What To Do When Your Loved Ones Don’t Support Your Recovery

December 13th, 2017 | By Allaire Kirk | Posted in Blog

After struggling with addiction for any period of time, an accomplishment as life-changing as recovery should be celebrated and supported by loved ones- but this isn’t always the case.

While the support of family and friends play an important role in the lives of many, not everyone living in recovery has the support of their loved ones once they’re clean and sober.

Lack of support can come in many forms- some family members may continue to abuse substances throughout your recovery while others could be so angry with you that they’re unwilling to provide any support or forgiveness. Regardless of circumstances, the pain and resentment that builds up during active addiction can drive loved ones away and those emotions don’t automatically disappear once you’ve found recovery.

With the holidays fast approaching, lack of family support can feel especially painful for those living in recovery. Although the support of those closest to you can make living in sobriety feel easier, you can thrive without their support.

Here are six things you can do to this holiday season when your loved ones don’t support you or your recovery.

Find A Support Group

Support doesn’t just have to come from your family and friends. Find a support group in your area with others that are living in recovery. The people in your group will understand what it’s like to struggle with addiction and recovery. Chances are, there are also people there whose families don’t support their recovery- you’re not alone in your struggles.

Others in your group have likely had to rebuild relationships with their loved ones after active addiction. Use their stories as a guide on how to rebuild your own relationships. Ask questions and lean on them for support.

Before you know it, you’ll create an entire network of new sober friends from support groups, recovery meetings, or online communities.

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Keep Your Distance

If the family and friends you’re used to spending Christmas with are also struggling with addiction or drink heavily, it’s probably best that you keep your distance from them. If you’re newly sober, it’s especially important that you don’t put yourself into a situation where you feel more of an urge to drink.

With all the pressure that already surrounds the holidays, don’t make it worse by introducing drugs or alcohol back into your life.

While it may be hard to break a tradition, celebrating Christmas in sobriety for the first time in many years is the perfect time to start a new holiday tradition.

Get Out And Give Back

The best way to get out of your own head is to give back to someone else. There are plenty of families in need this holiday season, especially since it’s starting to get colder outside. Most communities have a local soup kitchen or church that hosts Christmas dinner for the less fortunate in your area- sign up to contribute or distribute food.

If you’ve already got Christmas day plans, host a toy or food drive within your recovery group. Getting everyone involved will not only bring you closer to your new sober friends, it will make the whole group feel like they’re accomplishing something positive this holiday season.

Now that you’ve found your happiness in recovery, it’s time to help others find theirs.

Apologize With Your Words And Actions

The bottom line is, you hurt your loved ones while in active addiction and you have to apologize for it. Understand that your loved ones might not accept your apology right away, and that’s okay. They may need more time to heal.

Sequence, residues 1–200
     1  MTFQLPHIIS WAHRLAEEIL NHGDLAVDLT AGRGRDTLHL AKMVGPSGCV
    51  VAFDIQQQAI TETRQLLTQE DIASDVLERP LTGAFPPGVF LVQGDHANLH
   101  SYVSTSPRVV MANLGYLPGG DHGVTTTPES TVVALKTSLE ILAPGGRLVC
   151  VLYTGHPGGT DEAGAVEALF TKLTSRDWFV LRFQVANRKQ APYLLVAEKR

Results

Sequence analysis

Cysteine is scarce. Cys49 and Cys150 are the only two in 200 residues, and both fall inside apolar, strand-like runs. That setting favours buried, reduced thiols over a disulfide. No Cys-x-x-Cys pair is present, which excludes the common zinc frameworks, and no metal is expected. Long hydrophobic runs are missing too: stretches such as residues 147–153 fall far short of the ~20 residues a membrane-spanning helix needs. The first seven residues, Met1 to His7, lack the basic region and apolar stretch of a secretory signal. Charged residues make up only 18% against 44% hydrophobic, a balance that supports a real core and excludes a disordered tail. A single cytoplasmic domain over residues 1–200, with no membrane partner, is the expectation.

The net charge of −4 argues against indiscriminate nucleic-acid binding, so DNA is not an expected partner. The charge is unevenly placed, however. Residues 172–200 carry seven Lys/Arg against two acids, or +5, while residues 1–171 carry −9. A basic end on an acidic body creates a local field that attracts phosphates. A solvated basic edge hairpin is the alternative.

Regardless, you can’t just verbally apologize to your loved one; you have to show them that you’re really making an effort to stay sober. If they’re willing to listen, share your plans for staying sober with them and keep them updated throughout the process.

By apologizing and consistently working to make amends, your loved ones will see that you are trying to change your life.

Offer An Education

Addiction has affected your loved ones lives deeply, and you need to give them an opportunity to voice their recovery concerns to you. Try to avoid getting defensive, and instead, invite a close friend or family member to attend a local AA or NA meeting with you. Sometimes family and friends are hesitant to give their support because they don’t understand the disease of addiction, but information could be the key to opening minds.

If your loved one doesn’t take you up on your offer, try not to be to discouraged. Just because your offer was rejected, it doesn’t mean your invitation fell on deaf ears- some loved ones may need more time to open their hearts again.

Understand That It Takes Time

The truth is, addiction doesn’t just hurt the user, but everyone around them. While you might be ready to move on from your time in active addition, your loved ones might not be. Some of them might still feel the pain and hurt of the things you did during active addiction.

The best thing you can do for your loved ones if they’re not ready to forgive is to give them the time and space to heal. Make yourself available to them if and when they’re ready to talk. Express your love and wait it out.

While this might not be the easiest thing to do, berating those close to you with phone calls and texts could only alienate them further.

With Christmas around the corner, lack of family support can feel particularly painful this time of year. As photos of family joy begin to flood your social media, remember that there are things you can do rebuild your damaged relationships and let go of the people that aren’t beneficial for your life in recovery.

This holiday season, let your recovery be a gift to yourself and show those around you that you will thrive with or without their support.

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